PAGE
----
• Study your region. Figure out where your money-spending customers actually come from. The maximum odds are that people/businesses from certain areas or from certain cities are providing you most of your business. This knowledge is important because you save money that is spent on advertising and other forms of marketing by narrowing it down to specific geographies.
  • Find your customer niche category. The customers who purchase the most expensive products or services always fit a particular demographic.
  • Neglect the customers who keep creating problems. Unarguably, there is 10 to 20 percent of customers who unnecessarily create endless support tickets and consume phone time. If you or your employees have tried to fit a square peg into a round hole for too many times then you need to stop.

    Some examples of this could be: ‘I do not want to consult you anymore’, or some customers are blacklisted occasionally for their behavior or customers are ignored until they go away. But we need to be polite and gracious about it because we don’t want any bad online reviews.
  • Pinpoint the ‘Silent High-Volume High-Ticket Buyers.’ Most of the businesses have very few quantities of these types of customers, especially the B2B segment. These customers send in a purchase order every couple of months, and the amount is usually a big one. They are truly your high-return customers. They require very little maintenance and we might not even notice that they’re present most of the time. Instead, we’re taking up time on the phone with the people who eventually cost us more money than what they give.
  • Ignore the problematic customers. We need to direct our time towards building relationships with the big shots. We can take them out for lunch where you can certainly find there’s a product or service that they don’t know about.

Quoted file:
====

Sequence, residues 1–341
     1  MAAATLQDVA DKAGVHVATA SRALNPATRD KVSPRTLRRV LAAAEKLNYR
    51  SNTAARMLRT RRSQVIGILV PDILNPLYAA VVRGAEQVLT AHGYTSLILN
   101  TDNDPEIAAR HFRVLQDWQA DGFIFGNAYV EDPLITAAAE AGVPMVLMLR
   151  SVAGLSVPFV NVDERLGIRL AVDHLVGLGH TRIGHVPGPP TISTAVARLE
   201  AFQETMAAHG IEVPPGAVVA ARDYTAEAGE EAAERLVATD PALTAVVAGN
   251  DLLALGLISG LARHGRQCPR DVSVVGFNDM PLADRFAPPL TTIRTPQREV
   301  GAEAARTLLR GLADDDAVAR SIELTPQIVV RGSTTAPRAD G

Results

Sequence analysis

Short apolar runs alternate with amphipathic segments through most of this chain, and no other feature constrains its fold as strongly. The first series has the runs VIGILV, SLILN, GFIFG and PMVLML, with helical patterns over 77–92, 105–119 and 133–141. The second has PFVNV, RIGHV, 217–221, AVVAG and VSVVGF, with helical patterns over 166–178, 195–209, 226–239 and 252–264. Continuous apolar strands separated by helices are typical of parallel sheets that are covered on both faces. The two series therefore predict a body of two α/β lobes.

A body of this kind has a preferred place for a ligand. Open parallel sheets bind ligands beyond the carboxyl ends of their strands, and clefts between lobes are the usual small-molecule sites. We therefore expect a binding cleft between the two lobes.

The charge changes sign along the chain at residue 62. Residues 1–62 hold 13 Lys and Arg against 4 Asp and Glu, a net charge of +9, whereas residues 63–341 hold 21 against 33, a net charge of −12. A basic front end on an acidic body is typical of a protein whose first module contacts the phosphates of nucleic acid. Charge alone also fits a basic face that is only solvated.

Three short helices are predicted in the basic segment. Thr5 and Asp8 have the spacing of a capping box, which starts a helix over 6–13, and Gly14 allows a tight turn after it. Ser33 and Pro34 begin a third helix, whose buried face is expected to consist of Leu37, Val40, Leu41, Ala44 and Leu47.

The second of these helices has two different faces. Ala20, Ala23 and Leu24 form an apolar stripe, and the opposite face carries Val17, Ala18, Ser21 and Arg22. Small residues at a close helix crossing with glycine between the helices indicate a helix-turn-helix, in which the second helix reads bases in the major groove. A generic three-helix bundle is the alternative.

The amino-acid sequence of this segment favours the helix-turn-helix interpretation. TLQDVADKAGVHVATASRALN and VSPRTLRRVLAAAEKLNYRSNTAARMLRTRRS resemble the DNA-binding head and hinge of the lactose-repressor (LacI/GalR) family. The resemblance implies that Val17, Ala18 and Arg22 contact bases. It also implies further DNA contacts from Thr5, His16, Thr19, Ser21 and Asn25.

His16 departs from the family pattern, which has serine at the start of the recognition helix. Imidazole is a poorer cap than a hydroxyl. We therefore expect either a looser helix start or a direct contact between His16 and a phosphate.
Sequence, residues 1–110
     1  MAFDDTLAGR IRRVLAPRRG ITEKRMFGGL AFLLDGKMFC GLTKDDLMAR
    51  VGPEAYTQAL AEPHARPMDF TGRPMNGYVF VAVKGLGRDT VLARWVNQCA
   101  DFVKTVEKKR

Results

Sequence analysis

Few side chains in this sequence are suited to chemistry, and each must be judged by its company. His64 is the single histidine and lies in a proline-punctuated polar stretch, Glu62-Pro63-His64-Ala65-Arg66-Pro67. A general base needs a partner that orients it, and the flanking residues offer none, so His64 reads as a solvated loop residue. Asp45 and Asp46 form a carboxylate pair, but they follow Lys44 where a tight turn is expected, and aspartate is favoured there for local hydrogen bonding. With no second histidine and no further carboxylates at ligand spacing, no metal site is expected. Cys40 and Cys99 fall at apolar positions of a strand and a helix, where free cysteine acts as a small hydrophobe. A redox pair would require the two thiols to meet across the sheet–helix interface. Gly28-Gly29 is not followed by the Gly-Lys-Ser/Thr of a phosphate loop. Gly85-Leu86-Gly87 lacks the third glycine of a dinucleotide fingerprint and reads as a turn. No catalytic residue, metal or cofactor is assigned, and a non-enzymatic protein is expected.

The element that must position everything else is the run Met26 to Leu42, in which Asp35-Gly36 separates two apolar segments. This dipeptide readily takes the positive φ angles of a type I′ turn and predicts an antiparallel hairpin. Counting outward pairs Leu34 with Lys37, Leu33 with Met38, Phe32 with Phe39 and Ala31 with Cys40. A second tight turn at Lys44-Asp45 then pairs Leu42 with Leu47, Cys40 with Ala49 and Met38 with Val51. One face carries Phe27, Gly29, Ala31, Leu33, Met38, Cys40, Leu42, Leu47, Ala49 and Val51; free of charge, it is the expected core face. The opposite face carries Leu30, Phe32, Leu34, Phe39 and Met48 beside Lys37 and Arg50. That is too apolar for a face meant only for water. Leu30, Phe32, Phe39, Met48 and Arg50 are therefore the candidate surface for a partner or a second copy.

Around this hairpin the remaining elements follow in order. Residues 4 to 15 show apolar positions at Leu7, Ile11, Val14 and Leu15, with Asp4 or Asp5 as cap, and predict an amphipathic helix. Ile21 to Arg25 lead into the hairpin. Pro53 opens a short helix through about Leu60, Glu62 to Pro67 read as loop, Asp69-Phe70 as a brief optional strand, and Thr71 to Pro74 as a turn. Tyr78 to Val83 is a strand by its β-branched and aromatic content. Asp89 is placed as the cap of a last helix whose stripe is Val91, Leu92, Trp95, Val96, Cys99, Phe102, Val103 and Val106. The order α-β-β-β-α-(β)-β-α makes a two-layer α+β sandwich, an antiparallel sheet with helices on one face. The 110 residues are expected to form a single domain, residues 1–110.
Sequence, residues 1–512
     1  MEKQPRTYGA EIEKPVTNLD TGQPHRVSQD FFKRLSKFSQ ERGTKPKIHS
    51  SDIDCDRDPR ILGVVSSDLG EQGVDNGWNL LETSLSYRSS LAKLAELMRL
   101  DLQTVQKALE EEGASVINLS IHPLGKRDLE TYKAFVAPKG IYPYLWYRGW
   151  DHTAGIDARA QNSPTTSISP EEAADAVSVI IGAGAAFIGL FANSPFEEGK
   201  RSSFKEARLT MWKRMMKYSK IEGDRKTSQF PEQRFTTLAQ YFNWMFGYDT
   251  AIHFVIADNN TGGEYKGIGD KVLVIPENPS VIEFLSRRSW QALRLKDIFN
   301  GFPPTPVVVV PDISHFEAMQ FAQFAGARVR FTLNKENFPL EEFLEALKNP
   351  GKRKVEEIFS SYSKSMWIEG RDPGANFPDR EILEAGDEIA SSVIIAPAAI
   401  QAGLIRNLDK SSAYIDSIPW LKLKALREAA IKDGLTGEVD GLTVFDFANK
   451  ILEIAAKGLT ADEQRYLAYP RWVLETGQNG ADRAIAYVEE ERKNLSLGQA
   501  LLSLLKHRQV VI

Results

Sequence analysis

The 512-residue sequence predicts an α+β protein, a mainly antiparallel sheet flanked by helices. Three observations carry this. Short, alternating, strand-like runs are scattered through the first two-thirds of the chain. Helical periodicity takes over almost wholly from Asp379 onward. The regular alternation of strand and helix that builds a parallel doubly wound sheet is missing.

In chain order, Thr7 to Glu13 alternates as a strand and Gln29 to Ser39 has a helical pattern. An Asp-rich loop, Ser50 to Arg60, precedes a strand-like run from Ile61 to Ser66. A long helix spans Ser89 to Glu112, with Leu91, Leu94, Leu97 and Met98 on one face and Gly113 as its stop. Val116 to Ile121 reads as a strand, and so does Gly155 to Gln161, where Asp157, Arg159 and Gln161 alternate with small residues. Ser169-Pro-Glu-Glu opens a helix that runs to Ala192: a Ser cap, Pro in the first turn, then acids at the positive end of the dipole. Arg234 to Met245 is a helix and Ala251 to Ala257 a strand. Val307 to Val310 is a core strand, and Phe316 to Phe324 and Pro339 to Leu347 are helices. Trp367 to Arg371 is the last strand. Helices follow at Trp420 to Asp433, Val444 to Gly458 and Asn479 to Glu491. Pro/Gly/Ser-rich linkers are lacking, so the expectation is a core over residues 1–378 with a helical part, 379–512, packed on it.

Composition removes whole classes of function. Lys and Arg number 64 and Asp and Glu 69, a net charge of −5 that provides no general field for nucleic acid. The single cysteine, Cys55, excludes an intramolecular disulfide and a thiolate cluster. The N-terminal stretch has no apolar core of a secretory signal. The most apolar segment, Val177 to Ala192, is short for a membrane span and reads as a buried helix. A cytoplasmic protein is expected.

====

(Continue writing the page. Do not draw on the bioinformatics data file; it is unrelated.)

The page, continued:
Slide away from the 20 percent of your customers who cause problematic conditions, and focus on the 20 percent who buy from you continuously.

How to apply the 80/20 rule in Marketing and Sales?

The 80/20 rule provides a concrete framework for all our sales and marketing goals which considers our customers, sales people, and company resources, and it may be worth to adopt this Pareto Principle in the company’s business operations. Even though it is an under-rated technique from the sales and marketing point of view, it has huge potential in propelling your business forward. For implementing the 80/20 rule efficiently, we got to have the right data, in the right form.

How to implement the 80/20 rule to your employees?

Encouraging growth, involvement and engagement are the major benefits of applying the 80/20 rule. Here are the different ways in which this rule can be used for driving performance and results from your team:

  • 80% of all decisions should come from your good employees. A good thing about this 80/20 rule is that it forces both leaders and managers to provide guidance, coaching, and empowerment to their team members. Most managers commit a generally common mistake of being overly directive in their approach.

    Giant tech companies, for example – Google and Intel, use objectives and key results for instilling a sense of responsibility and accountability among their employees. Each person has the liberty to create their own set of short-term goals and identify the key steps needed to achieve those. This enables the employees to share their ideas, think deeply, and participate in all company initiatives.
  • Spend 80% of the time listening to these good employees. The main role of a leader or manager is to guide their staff, and not to take on their work. Therefore, 80% of the time should be spent on listening to them and guiding them in proper places. In an ideal scenario, once the expectations are set and all the employees have received proper coaching, feedback, and guidance, the lead should listen about the path taken by the employees and track their progress.